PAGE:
In addition to recreating City Creek, the project also includes seven unique solid stone “fountain experiences.” Six of these fountains feature granite from Coldspring of Cold Spring, MN, including Prairie Brown and Mesabi Black. The seventh fountain features Pepper Brown granite, which was quarried and processed in China and supplied by Bestview International of Wood Dale, IL. The same material was also used for paving.

Each of the seven fountains is clad with intricately cut granite elements, and the water flow is precisely choreographed to jump, dance, and move. The fountains also presented challenges from fabrication and installation perspectives. During the installation, KEPCO+ worked closely with the general contractor and the plumbing and electrical contractors to avoid problems in the installation process.

Repeated surveys were taken to confirm locations of concrete structures as well as each plumbing and electrical feature. Principle elements of each of the stone fountains were dry set at the fabrication plant or the KEPCO+ facility to ensure that the pieces were cut to precision prior to installation.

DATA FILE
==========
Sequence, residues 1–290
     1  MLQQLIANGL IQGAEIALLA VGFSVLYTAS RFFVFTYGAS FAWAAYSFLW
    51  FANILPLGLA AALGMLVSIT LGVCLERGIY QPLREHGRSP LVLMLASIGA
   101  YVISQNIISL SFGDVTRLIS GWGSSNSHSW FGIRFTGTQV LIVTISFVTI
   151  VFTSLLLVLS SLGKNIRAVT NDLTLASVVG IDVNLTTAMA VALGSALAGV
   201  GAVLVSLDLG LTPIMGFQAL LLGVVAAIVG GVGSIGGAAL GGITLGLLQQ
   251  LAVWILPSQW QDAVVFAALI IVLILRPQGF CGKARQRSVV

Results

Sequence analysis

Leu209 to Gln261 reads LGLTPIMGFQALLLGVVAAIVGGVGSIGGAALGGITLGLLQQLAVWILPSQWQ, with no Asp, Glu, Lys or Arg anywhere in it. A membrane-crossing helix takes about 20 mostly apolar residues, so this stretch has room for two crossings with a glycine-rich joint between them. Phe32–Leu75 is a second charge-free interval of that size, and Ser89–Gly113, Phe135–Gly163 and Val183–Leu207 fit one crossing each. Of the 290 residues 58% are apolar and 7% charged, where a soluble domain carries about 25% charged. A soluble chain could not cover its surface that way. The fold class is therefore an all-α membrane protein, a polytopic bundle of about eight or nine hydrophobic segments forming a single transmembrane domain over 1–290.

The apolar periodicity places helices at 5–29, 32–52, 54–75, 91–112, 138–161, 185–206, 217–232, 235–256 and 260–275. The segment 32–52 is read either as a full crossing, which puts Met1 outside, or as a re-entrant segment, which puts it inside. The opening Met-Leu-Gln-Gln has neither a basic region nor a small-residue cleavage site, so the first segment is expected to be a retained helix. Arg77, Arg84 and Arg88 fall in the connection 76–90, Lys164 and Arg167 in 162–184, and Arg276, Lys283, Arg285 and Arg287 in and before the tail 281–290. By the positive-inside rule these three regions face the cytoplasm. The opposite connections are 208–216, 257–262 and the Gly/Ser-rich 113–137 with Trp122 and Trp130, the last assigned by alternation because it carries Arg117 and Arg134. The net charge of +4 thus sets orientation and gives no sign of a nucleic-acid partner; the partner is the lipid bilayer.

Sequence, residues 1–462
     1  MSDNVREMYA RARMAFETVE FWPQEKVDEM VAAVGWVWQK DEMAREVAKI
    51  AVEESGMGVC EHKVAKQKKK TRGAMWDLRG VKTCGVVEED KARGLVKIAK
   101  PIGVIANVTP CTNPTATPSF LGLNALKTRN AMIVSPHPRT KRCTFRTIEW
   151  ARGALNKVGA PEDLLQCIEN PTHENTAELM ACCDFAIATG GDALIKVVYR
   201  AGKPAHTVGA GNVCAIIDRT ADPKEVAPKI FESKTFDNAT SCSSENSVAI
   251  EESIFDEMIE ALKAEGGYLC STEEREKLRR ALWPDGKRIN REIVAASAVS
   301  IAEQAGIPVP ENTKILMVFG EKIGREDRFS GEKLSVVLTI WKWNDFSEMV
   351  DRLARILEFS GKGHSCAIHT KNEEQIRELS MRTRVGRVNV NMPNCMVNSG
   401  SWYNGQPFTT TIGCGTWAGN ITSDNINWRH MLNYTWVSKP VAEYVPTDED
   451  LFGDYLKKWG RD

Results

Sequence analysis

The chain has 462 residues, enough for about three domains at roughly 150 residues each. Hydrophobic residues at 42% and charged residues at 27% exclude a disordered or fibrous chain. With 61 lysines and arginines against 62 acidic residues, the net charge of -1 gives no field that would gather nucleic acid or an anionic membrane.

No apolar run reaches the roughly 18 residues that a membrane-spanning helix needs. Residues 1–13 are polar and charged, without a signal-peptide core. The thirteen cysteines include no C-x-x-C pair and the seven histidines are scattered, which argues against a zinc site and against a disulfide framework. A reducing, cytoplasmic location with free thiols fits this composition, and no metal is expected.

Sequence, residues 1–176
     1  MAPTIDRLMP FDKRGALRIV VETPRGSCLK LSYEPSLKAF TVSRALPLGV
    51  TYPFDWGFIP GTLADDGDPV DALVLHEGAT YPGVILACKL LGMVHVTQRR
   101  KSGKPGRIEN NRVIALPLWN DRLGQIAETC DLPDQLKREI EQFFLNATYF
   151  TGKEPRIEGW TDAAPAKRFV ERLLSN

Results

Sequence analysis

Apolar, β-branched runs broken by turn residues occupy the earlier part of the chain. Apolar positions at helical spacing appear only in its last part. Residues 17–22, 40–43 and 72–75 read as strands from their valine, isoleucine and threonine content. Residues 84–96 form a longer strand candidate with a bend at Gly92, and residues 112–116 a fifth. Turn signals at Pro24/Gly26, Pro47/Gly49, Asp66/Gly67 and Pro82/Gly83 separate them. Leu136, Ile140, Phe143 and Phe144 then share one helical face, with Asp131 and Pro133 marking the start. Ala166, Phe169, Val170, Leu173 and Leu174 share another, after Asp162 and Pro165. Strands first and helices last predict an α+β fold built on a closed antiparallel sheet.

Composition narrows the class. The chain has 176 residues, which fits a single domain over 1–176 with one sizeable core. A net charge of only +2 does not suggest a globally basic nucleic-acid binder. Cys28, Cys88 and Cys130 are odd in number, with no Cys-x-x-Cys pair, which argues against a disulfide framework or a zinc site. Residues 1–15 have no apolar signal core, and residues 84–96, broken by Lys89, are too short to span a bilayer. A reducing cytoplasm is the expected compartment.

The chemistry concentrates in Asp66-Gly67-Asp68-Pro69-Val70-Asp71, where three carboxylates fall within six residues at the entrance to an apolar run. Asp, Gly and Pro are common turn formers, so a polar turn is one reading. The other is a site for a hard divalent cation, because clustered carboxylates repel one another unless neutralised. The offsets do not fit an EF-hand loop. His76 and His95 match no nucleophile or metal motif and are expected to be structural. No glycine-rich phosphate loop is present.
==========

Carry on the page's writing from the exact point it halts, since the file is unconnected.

Since its opening, City Creek Center has become a favorite among Salt Lake City residents and visitors alike. It received LEED Gold certification and was named “Best Retail Development” by the International Property Awards for 2012.

Because construction continued throughout the winter, canopies were stretched over the jobsite where the cascades were installed. This allowed the stonemasons to continue their work.

Because construction continued throughout the
winter, canopies were stretched over the jobsite
where the cascades were installed. This allowed
the stonemasons to continue their work.